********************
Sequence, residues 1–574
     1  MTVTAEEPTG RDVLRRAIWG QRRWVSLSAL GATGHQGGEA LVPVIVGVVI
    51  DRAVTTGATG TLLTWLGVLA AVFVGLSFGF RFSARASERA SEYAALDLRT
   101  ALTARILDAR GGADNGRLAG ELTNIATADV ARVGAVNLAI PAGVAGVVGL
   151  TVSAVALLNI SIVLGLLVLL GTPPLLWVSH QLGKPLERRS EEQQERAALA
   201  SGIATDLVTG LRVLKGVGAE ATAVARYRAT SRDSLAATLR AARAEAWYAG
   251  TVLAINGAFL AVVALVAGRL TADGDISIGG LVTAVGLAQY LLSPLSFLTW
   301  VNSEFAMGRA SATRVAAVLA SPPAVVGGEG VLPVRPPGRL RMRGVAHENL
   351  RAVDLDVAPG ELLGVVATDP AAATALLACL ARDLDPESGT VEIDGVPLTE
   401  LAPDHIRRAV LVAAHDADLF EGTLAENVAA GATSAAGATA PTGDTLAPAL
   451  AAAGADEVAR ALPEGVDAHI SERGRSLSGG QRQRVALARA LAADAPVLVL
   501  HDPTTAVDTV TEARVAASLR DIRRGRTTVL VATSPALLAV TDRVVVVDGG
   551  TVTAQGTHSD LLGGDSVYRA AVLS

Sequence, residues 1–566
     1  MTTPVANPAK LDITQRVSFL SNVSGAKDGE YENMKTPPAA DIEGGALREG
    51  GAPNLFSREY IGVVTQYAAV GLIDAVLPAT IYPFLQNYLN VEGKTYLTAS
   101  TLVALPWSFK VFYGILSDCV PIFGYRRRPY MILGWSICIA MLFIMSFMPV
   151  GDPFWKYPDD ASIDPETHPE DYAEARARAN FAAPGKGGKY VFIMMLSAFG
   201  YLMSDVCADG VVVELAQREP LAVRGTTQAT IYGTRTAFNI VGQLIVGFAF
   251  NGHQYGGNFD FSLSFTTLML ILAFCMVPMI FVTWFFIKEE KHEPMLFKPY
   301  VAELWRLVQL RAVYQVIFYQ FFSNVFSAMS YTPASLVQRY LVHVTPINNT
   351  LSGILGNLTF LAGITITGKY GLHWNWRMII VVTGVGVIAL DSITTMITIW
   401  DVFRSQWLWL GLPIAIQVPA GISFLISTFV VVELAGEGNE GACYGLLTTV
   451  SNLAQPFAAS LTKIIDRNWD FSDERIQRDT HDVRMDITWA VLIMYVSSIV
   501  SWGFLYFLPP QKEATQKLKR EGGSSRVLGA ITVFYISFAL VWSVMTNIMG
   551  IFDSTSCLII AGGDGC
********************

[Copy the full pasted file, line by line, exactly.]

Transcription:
Sequence, residues 1–574
     1  MTVTAEEPTG RDVLRRAIWG QRRWVSLSAL GATGHQGGEA LVPVIVGVVI
    51  DRAVTTGATG TLLTWLGVLA AVFVGLSFGF RFSARASERA SEYAALDLRT
   101  ALTARILDAR GGADNGRLAG ELTNIATADV ARVGAVNLAI PAGVAGVVGL
   151  TVSAVALLNI SIVLGLLVLL GTPPLLWVSH QLGKPLERRS EEQQERAALA
   201  SGIATDLVTG LRVLKGVGAE ATAVARYRAT SRDSLAATLR AARAEAWYAG
   251  TVLAINGAFL AVVALVAGRL TADGDISIGG LVTAVGLAQY LLSPLSFLTW
   301  VNSEFAMGRA SATRVAAVLA SPPAVVGGEG VLPVRPPGRL RMRGVAHENL
   351  RAVDLDVAPG ELLGVVATDP AAATALLACL ARDLDPESGT VEIDGVPLTE
   401  LAPDHIRRAV LVAAHDADLF EGTLAENVAA GATSAAGATA PTGDTLAPAL
   451  AAAGADEVAR ALPEGVDAHI SERGRSLSGG QRQRVALARA LAADAPVLVL
   501  HDPTTAVDTV TEARVAASLR DIRRGRTTVL VATSPALLAV TDRVVVVDGG
   551  TVTAQGTHSD LLGGDSVYRA AVLS

Sequence, residues 1–566
     1  MTTPVANPAK LDITQRVSFL SNVSGAKDGE YENMKTPPAA DIEGGALREG
    51  GAPNLFSREY IGVVTQYAAV GLIDAVLPAT IYPFLQNYLN VEGKTYLTAS
   101  TLVALPWSFK VFYGILSDCV PIFGYRRRPY MILGWSICIA MLFIMSFMPV
   151  GDPFWKYPDD ASIDPETHPE DYAEARARAN FAAPGKGGKY VFIMMLSAFG
   201  YLMSDVCADG VVVELAQREP LAVRGTTQAT IYGTRTAFNI VGQLIVGFAF
   251  NGHQYGGNFD FSLSFTTLML ILAFCMVPMI FVTWFFIKEE KHEPMLFKPY
   301  VAELWRLVQL RAVYQVIFYQ FFSNVFSAMS YTPASLVQRY LVHVTPINNT
   351  LSGILGNLTF LAGITITGKY GLHWNWRMII VVTGVGVIAL DSITTMITIW
   401  DVFRSQWLWL GLPIAIQVPA GISFLISTFV VVELAGEGNE GACYGLLTTV
   451  SNLAQPFAAS LTKIIDRNWD FSDERIQRDT HDVRMDITWA VLIMYVSSIV
   501  SWGFLYFLPP QKEATQKLKR EGGSSRVLGA ITVFYISFAL VWSVMTNIMG
   551  IFDSTSCLII AGGDGC